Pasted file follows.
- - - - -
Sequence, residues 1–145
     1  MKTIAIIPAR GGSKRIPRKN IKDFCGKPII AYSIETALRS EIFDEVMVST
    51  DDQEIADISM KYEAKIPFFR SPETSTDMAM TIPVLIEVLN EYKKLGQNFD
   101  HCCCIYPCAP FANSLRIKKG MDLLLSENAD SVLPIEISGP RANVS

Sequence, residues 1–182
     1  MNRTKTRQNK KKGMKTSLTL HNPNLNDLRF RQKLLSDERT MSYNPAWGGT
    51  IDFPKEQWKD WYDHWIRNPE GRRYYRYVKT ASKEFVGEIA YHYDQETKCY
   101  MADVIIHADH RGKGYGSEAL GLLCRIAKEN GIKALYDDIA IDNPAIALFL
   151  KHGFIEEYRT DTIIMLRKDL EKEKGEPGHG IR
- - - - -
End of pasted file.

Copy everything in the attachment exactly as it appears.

Sequence, residues 1–145
     1  MKTIAIIPAR GGSKRIPRKN IKDFCGKPII AYSIETALRS EIFDEVMVST
    51  DDQEIADISM KYEAKIPFFR SPETSTDMAM TIPVLIEVLN EYKKLGQNFD
   101  HCCCIYPCAP FANSLRIKKG MDLLLSENAD SVLPIEISGP RANVS

Sequence, residues 1–182
     1  MNRTKTRQNK KKGMKTSLTL HNPNLNDLRF RQKLLSDERT MSYNPAWGGT
    51  IDFPKEQWKD WYDHWIRNPE GRRYYRYVKT ASKEFVGEIA YHYDQETKCY
   101  MADVIIHADH RGKGYGSEAL GLLCRIAKEN GIKALYDDIA IDNPAIALFL
   151  KHGFIEEYRT DTIIMLRKDL EKEKGEPGHG IR